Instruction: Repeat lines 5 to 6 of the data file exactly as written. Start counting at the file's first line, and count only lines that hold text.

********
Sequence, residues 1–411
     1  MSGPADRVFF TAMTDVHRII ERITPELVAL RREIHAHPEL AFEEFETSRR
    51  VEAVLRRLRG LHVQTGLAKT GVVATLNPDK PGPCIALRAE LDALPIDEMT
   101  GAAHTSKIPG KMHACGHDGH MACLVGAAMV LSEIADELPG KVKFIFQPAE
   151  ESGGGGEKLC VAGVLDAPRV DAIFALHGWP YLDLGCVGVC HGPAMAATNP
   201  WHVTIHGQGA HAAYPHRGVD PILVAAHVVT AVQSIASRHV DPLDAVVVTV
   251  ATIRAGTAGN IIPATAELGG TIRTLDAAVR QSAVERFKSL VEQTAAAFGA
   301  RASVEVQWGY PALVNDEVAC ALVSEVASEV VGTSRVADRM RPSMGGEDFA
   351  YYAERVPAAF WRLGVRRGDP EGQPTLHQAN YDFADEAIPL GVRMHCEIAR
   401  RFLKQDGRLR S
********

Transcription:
   151  ESGGGGEKLC VAGVLDAPRV DAIFALHGWP YLDLGCVGVC HGPAMAATNP
   201  WHVTIHGQGA HAAYPHRGVD PILVAAHVVT AVQSIASRHV DPLDAVVVTV